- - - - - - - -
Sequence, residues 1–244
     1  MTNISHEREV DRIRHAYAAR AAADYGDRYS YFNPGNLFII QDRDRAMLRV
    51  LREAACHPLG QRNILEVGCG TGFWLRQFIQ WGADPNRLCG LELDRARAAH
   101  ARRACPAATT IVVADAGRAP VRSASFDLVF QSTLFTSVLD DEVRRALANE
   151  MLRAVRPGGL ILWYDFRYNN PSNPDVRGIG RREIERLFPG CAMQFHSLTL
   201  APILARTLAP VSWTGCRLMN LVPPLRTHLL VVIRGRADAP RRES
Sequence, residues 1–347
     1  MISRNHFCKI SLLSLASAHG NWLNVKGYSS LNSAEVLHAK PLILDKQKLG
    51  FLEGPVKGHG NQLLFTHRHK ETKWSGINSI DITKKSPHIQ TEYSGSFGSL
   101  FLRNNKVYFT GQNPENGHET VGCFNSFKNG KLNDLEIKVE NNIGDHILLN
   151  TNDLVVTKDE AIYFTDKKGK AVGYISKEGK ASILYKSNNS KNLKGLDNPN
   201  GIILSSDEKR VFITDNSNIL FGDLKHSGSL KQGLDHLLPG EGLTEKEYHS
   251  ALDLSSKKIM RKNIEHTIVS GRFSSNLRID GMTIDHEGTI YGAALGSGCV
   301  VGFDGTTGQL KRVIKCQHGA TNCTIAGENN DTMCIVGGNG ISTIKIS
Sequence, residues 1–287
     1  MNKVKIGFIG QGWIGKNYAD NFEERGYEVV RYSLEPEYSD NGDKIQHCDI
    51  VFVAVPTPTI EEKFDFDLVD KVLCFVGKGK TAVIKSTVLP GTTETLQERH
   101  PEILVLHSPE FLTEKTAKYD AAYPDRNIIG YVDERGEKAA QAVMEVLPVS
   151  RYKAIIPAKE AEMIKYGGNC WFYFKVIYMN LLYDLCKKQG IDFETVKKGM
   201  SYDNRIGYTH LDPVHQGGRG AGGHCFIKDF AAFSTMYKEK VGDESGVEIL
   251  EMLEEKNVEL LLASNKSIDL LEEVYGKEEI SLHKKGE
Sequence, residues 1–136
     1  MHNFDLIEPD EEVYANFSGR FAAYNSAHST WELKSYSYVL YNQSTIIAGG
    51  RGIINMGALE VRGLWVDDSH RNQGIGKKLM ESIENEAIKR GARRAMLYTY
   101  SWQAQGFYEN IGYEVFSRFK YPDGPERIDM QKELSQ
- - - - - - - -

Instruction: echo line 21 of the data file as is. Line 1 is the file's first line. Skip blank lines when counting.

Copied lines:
   251  EMLEEKNVEL LLASNKSIDL LEEVYGKEEI SLHKKGE